The Battle for Internet Freedom in Italy

This is the sixth in a series of articles presenting the legal foundations of Internet expression.

On Sept. 8, 2006, someone posted a cell-phone video on Google Video showing four bullies punching and kicking an autistic boy in their school in Turin, Italy. According toNew York Times reporter Rachel Donadio, "Google said it removed the video within two hours of receiving a formal complaint from the Italian police, two months after the video was first posted."

The boy's father and an advocacy group called Vivi Down that works to protect people with Down's Syndrome (even though the child doesn't suffer from that affliction) launched a lawsuit against Google for defamation and for violating the privacy of the victim.

On Feb. 24, 2010, Judge Oscar Magi of Milan ruled that three randomly-chosen Google executives were innocent of defamation but guilty of the violation of privacy charges; he sentenced them to six months in prison (suspended).

The condemned executives, their colleagues and the Internet in general exploded in outrage.

The BBC quoted one of the defendants, Chief Legal Officer David Drummond, saying, "I intend to vigorously appeal this dangerous ruling. It sets a chilling precedent…. If individuals like myself and my Google colleagues who had nothing to do with the harassing incident, its filming or its uploading onto Google Video can be held criminally liable solely by virtue of our position at Google, every employee of any internet hosting service faces similar liability."

Paul McNamara of Network World, himself the father of an autistic child, expressed outrage over the bullying – and outrage over what he described as an insane ruling: "Google was not any more responsible here than the postal service would be for delivering a ransom note. Madness. There's no other way to explain this verdict."

Analysts also imputed other motives to the judge's ruling; Donadio’s article includes this interesting analysis:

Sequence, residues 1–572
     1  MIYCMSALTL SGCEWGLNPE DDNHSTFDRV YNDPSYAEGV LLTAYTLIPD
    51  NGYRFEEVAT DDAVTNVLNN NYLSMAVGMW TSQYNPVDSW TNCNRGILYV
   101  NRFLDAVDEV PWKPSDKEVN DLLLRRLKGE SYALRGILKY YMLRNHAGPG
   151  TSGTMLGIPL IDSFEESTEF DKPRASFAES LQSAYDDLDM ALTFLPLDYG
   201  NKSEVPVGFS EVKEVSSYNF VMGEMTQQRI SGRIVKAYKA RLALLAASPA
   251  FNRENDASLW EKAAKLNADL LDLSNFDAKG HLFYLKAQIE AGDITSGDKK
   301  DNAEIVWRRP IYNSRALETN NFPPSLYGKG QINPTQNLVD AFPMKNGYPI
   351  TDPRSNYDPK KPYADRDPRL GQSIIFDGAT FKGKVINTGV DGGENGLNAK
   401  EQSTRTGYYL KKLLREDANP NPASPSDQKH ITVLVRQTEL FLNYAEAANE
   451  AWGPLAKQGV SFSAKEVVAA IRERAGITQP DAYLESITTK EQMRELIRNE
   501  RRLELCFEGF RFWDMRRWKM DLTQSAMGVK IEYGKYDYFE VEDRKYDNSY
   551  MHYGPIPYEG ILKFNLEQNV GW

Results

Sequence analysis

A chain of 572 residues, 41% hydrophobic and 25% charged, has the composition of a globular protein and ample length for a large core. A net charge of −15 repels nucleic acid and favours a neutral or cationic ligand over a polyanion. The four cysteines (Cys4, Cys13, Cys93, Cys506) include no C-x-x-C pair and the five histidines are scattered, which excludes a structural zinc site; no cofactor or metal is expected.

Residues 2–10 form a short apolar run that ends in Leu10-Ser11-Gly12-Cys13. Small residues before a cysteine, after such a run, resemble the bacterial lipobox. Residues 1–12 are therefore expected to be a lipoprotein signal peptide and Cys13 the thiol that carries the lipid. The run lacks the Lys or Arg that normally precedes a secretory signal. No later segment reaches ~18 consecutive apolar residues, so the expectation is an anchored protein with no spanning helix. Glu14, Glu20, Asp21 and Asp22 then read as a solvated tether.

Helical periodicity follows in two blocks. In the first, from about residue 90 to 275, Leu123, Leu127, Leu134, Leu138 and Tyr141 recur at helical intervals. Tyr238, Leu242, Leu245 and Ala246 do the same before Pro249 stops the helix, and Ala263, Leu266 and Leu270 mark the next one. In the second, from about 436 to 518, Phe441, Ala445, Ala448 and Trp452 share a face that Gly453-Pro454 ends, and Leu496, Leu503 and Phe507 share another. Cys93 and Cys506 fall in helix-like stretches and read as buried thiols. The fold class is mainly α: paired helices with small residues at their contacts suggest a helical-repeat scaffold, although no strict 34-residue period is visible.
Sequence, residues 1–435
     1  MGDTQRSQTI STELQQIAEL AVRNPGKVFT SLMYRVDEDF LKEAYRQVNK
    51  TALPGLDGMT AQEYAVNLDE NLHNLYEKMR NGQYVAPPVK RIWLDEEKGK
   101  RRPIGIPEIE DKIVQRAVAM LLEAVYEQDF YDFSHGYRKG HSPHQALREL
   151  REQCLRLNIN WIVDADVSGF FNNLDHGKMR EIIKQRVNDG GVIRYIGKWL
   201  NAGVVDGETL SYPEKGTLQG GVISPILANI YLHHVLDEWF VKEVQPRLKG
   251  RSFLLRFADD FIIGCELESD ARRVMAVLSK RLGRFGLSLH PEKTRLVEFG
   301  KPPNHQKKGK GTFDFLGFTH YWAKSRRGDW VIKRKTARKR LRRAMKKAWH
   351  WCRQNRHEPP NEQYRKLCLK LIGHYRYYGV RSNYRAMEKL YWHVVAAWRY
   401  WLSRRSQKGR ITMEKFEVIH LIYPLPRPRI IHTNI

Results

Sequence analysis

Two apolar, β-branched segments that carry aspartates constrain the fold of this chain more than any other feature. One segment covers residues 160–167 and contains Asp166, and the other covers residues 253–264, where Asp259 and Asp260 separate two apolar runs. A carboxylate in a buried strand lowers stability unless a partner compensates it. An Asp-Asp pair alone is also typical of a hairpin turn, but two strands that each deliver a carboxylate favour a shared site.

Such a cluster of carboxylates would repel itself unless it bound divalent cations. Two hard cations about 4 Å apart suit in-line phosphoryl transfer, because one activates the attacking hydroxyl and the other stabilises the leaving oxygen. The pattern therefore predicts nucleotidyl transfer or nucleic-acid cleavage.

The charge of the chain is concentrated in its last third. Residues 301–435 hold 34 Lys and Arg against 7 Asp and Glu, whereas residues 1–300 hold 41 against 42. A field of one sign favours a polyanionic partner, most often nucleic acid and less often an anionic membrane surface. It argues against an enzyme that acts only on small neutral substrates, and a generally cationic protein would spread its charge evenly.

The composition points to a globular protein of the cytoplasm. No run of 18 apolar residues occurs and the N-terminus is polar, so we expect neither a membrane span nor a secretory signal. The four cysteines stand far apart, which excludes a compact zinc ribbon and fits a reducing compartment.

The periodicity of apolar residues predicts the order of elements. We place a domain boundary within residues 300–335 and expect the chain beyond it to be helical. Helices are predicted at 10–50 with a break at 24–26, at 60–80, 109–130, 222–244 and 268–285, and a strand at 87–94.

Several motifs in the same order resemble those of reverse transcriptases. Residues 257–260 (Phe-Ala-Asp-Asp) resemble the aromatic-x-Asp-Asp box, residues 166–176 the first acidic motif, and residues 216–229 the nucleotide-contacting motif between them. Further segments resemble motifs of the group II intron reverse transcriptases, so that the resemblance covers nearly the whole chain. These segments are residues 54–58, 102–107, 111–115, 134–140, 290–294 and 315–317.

In Italy, where Prime Minister Silvio Berlusconi owns most private media and indirectly controls public media, there is a strong push to regulate the Internet more assertively than it is controlled elsewhere in Europe. Several measures are pending in Parliament here that seek to impose various controls on the Internet. Critics of Mr. Berlusconi say the measures go beyond routine copyright questions and are a way to stave off competition from the Web to public television stations and his own private channels — and to keep a tighter grip on public debate. 

"It's a deliberate effort to control the means of communication," said Juan Carlos de Martin, the founder of the Nexa Center at Turin's Polytechnic University, which studies Internet use in Italy.

An interesting wrinkle in the case is the reasoning offered by the Italian prosecuting attorneys: "…because Google handles user data – and uses content to generate advertising revenue – it is a content provider, not a service provider, and therefore broke Italian privacy law. The law prohibits the use of someone's personal data with the intent of harming him or of making a profit."

Google is planning to appeal the conviction of its executives and cited European Union law which gives "hosting providers freedom from liability as long as they remove illegal content once notified of its existence."

I hope that Judge Magi's ruling will be overturned.

In the next and last article in this series, I'll review some good work being done in Iceland and elsewhere to fight for Internet freedom.

Learn more about this topic

The Battle for Internet Freedom: Responsibility

The Battle for Internet Freedom: Defamation

The battle for Internet freedom: Obscenity and child pornography

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